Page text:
[BROOKE LAUGHS] – compared to how much Americans spend on, I don't know, chewing gum, aluminum foil, iTunes downloads in one day, one week, it’s really a pitifully small amount, if you think about it.
BROOKE GLADSTONE: But compared to the rest of the world it isn't.
STEPHEN DUBNER: No, compared to the rest of the world, it isn't. It’s a good indicator of how rich a country we are that we can afford to flush two billion dollars down the toilet every year trying to influence elections when it’s almost inconsequential. Winning candidates do raise more money, but the relationship between the money and their winning, it’s just a correlation. It’s not causal. So imagine you'd go out onto the street and it’s raining really hard and everybody’s got an umbrella. And if you'd didn't know any better, you'd think, oh, man, those umbrellas are making it rain. If only those people would put away the umbrellas, the rain would stop. Right? That’s kind of the way people think about campaign spending and winning elections. The people who win do raise and spend more money, but the reason they have more money is because they're a more attractive candidate.
BROOKE GLADSTONE: In a moment we'll be hearing from political scientist Paul Freedman. He's researched the issue and concluded that the volume of ads in an election does have the power to sway a potentially decisive percentage of voters. Even if we can influence them a little, might that be enough in this 50/50 country of ours where an election can be decided on very slender margins? Maybe that hundred bucks might make a difference.
STEPHEN DUBNER: It might. And, you know, my doing a rain dance might make it rain too. Absolutely. And, you know, the more you believe it, the more you’re going to see signs that it’s true. And of course you’re going to find political consultants, of course you’re going to find professors of political science, too; you’re going to find candidates, every candidate, you’re going to find campaign managers who tell you the money is key. What I'm telling you is that if you actually use data to examine this question rather than polling, rather than the kind of received wisdom of political consultants and their kind of gut instinct, what the data show is that it’s just not true. Does that not mean that there might be a particular ad campaign on TV that really, really works more than the average? Absolutely that happens, and there are anomalies all the time. The problem is what we do with the media is we take anomalies and we report them, because that’s what news is. So you’re going to read somewhere in the next week or so the story about how one great ad turned the tide in some race, and someone who was trailing 51 to 49 roared back because of this TV ad and won 53 percent. First of all, it’s very hard to isolate the effect of that TV ad, and second of all, even if it’s true, that’s one race out of how many. And the fact is that if you look over the long stretch, you just don't find a causal relationship between spending and electoral outcome.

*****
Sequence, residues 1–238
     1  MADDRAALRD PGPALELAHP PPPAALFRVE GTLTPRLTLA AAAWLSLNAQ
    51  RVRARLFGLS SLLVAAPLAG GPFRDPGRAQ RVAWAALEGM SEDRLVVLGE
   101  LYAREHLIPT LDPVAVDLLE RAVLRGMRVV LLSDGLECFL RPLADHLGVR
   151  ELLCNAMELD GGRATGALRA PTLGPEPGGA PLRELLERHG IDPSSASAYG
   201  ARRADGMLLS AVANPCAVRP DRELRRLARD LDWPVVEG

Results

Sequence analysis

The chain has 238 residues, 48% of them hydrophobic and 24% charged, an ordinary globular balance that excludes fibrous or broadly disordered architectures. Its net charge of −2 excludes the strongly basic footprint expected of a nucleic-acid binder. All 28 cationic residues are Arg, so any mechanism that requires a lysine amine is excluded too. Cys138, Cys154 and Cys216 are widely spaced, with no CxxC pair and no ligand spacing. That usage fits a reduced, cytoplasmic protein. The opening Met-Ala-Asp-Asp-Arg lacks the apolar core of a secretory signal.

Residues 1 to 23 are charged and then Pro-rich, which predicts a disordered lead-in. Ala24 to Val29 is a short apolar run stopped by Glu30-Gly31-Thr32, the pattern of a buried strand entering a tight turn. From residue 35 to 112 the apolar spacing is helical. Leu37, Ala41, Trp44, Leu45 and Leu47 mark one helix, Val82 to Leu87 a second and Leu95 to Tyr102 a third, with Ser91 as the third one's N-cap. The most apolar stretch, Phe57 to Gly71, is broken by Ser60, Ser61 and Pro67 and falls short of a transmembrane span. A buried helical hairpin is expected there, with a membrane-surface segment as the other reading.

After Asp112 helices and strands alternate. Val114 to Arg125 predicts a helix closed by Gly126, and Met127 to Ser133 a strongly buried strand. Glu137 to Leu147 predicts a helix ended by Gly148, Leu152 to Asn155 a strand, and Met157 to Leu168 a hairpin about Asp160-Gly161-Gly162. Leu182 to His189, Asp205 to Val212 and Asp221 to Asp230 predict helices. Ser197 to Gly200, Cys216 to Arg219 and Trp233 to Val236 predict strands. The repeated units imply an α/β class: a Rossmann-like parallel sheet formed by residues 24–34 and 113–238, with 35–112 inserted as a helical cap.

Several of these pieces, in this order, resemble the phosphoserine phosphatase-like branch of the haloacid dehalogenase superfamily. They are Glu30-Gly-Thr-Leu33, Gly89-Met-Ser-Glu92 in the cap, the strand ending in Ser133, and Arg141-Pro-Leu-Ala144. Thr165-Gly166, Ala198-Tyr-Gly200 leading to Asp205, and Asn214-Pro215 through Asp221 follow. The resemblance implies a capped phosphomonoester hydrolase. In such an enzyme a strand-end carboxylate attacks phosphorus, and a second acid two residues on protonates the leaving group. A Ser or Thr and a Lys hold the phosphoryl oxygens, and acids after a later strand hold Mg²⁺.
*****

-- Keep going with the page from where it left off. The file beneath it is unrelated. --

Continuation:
BROOKE GLADSTONE: Stephen, thank you very much.
STEPHEN DUBNER: My pleasure.
BROOKE GLADSTONE: Stephen Dubner is a journalist, coauthor of Freakonomics and new host of the Freakonomics podcast, which has made it into the top 10 on iTunes. We'll link to it, or you can find it at Freakonomicsradio.com.